Fired recently after three seasons as head coach of the Miami Dolphins, Brian Flores unleashed a bombshell on his way out of the National Football League. In a 58-page lawsuit filed Tuesday in the U.S. District Court’s Southern District of New York, he accused his former team of tampering, tanking and racism. He extended that racism charge to the entire National Football League as well and says the Rooney Rule requiring interviews of minority coaching candidates is a sham.
Flores, who compiled a 24-25 record with Miami, accused team owner Stephen Ross of offering him $100,000 per loss in the 2020 season so the Dolphins could have the worst record in the league and gain the No. 1 pick in the subsequent draft. "That was a conversation about not doing as much as we needed to do to win football games," Flores said Wednesday. "'Take a flight. Go on vacation. I'll give you $100,000 per loss.' Those were his exact words."
If these allegations are true, it’s an incredible blight upon Miami’s and the NFL’s integrity. People would have paid good money to attend rigged games.
The black Latin coach’s suit includes the incendiary language that the NFL “is racially segregated and is managed much like a plantation” from America’s pre-Civil War South.:
“Its 32 owners — none of whom are black — profit substantially from the labor of NFL players, 70 percent of whom are black. The owners watch the game from atop NFL stadiums in their luxury boxes, while their majority-black workforce put their bodies on the line every Sunday, taking vicious hits and suffering debilitating injuries to their bodies and their brains while the NFL and its owners reap billions of dollars.”
Outkick’s NFL writer Armando Salquero called Flores’ charges “mind-blowing allegations, and it gets uglier for Ross because Flores also claims the team owner asked him to violate the NFL’s tampering policy. Ross allegedly wanted to recruit a ‘prominent quarterback,’ who everyone now understands to be Tom Brady, to the Dolphins.”
The Rooney Rule was devised in hopes of increasing the number of minority head coaches and general managers in the NFL, but Flores poured gasoline all over it. He said that when he previously interviewed with the Denver Broncos, ex-general manager John Elway and team president Joe Ellis showed up late to the interview and were either hung over or drunk. He regards that experience a token nod to the Rooney Rule by a team that had no intention of hiring him.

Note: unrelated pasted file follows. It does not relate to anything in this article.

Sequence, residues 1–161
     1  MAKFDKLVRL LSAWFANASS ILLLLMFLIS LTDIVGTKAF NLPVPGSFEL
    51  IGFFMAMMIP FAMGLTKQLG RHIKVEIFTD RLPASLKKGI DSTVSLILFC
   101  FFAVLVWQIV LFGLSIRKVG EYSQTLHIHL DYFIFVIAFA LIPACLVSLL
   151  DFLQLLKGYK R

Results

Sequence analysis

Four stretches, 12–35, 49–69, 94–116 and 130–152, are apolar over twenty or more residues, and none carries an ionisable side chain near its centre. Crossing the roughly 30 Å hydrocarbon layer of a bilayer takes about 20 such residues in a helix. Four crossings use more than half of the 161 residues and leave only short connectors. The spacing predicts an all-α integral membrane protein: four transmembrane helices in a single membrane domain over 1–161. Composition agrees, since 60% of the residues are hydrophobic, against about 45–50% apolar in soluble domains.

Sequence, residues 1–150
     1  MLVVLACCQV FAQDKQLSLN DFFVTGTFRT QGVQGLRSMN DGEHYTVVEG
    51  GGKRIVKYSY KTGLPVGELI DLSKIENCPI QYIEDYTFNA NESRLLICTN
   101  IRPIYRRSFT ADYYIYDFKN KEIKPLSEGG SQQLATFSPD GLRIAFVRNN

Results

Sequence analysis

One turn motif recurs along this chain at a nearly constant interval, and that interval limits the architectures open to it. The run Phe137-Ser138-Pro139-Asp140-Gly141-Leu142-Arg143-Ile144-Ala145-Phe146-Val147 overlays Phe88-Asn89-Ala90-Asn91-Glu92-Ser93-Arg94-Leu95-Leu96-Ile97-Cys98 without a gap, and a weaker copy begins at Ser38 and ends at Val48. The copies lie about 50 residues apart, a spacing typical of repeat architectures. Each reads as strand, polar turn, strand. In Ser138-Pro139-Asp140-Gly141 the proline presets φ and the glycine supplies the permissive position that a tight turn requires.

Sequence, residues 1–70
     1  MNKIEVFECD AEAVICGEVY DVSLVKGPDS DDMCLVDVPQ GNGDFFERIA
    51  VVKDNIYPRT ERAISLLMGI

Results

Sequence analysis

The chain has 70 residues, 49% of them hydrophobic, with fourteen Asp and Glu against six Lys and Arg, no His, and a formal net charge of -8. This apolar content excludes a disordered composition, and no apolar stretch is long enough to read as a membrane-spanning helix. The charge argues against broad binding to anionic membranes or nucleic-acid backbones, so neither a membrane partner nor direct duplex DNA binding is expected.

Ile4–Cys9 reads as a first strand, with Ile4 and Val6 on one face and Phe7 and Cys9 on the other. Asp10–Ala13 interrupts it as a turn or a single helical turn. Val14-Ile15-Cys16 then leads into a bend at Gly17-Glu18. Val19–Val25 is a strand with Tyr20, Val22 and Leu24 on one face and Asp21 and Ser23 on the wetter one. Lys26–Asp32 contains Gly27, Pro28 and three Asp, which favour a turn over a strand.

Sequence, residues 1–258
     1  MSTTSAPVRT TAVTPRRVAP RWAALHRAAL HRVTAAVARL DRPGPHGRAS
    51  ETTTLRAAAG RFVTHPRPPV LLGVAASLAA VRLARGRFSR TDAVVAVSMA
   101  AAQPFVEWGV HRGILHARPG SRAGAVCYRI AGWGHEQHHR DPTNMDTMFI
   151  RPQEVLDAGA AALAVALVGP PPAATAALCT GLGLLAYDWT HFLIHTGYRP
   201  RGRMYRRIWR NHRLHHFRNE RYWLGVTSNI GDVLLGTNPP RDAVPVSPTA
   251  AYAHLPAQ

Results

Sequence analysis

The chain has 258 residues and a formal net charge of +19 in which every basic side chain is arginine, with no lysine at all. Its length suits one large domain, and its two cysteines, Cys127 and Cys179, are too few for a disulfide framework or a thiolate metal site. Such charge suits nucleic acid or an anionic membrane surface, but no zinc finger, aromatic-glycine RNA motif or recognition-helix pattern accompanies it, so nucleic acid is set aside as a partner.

Flores also had an interview lined up with the New York Giants. However, before it happened, he received a text message from Patriots’ Coach Bill Belichick congratulating him on landing that job. The New England coach misspoke though because the Giants had already hired the white “Brian” Daboll to be their new head coach. So, Flores charges that his interview with the Giants was another hollow attempt by a team to show compliance with the Rooney Rule.
Appearing today on ESPN’s “Get Up” show, Flores said of the Giants’ situation:
“Disbelief. Humiliation. That was a tough pill to swallow. I have a great amount of respect for Bill and Brian Daboll. I was upset that I wasn’t getting a true opportunity to show what I can bring to a team. … If change comes, and I never coach again, it'll be worth it."
The Giants claimed Flores was in consideration for their coaching job until the 11th hour.
Salguero responded that the teams have “no exact science” in selecting coaches who are the best fits for their teams. Furthermore, he said Flores will have difficulty proving racism in court – if the case gets that far. The Outkick writer believes the NFL may try to squash it before the discovery phase. Also, he wrote that Flores is a black man who had been hired as a head coach, along with several other blacks hired for leadership positions.
In a January 2019 column for the Miami Herald, Salguero reported that the words “tank” and “tanking” were “expressly used in at least one head coach interview conducted by Ross and his group.” The Dolphins dismantled their 2018 roster and did little to rebuild it for 2019. It was “understood the Dolphins weren’t trying to field a competitive team,” Salguero says.
Miami issued a statement Tuesday refuting the tanking charge: “The implication that we acted in a manner inconsistent with the integrity of the game is incorrect. We will withhold further comment on the lawsuit at this time.” The NFL said Flores' charges are "without merit."